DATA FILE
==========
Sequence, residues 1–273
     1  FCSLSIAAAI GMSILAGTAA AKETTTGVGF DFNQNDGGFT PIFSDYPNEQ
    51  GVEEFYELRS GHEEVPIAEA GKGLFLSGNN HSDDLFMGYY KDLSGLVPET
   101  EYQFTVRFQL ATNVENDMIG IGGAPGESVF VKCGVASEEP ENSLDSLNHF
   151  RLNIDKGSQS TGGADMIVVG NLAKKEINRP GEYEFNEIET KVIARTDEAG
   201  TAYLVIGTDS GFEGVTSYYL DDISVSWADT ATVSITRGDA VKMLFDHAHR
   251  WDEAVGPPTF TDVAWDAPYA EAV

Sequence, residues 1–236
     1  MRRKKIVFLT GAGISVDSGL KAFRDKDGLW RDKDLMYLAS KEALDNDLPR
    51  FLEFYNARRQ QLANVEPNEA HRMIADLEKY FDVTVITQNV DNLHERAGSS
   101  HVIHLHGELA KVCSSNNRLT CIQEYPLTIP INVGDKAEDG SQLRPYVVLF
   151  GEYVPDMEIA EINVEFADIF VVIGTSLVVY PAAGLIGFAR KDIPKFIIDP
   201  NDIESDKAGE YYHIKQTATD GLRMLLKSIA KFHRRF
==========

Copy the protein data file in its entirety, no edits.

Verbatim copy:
Sequence, residues 1–273
     1  FCSLSIAAAI GMSILAGTAA AKETTTGVGF DFNQNDGGFT PIFSDYPNEQ
    51  GVEEFYELRS GHEEVPIAEA GKGLFLSGNN HSDDLFMGYY KDLSGLVPET
   101  EYQFTVRFQL ATNVENDMIG IGGAPGESVF VKCGVASEEP ENSLDSLNHF
   151  RLNIDKGSQS TGGADMIVVG NLAKKEINRP GEYEFNEIET KVIARTDEAG
   201  TAYLVIGTDS GFEGVTSYYL DDISVSWADT ATVSITRGDA VKMLFDHAHR
   251  WDEAVGPPTF TDVAWDAPYA EAV

Sequence, residues 1–236
     1  MRRKKIVFLT GAGISVDSGL KAFRDKDGLW RDKDLMYLAS KEALDNDLPR
    51  FLEFYNARRQ QLANVEPNEA HRMIADLEKY FDVTVITQNV DNLHERAGSS
   101  HVIHLHGELA KVCSSNNRLT CIQEYPLTIP INVGDKAEDG SQLRPYVVLF
   151  GEYVPDMEIA EINVEFADIF VVIGTSLVVY PAAGLIGFAR KDIPKFIIDP
   201  NDIESDKAGE YYHIKQTATD GLRMLLKSIA KFHRRF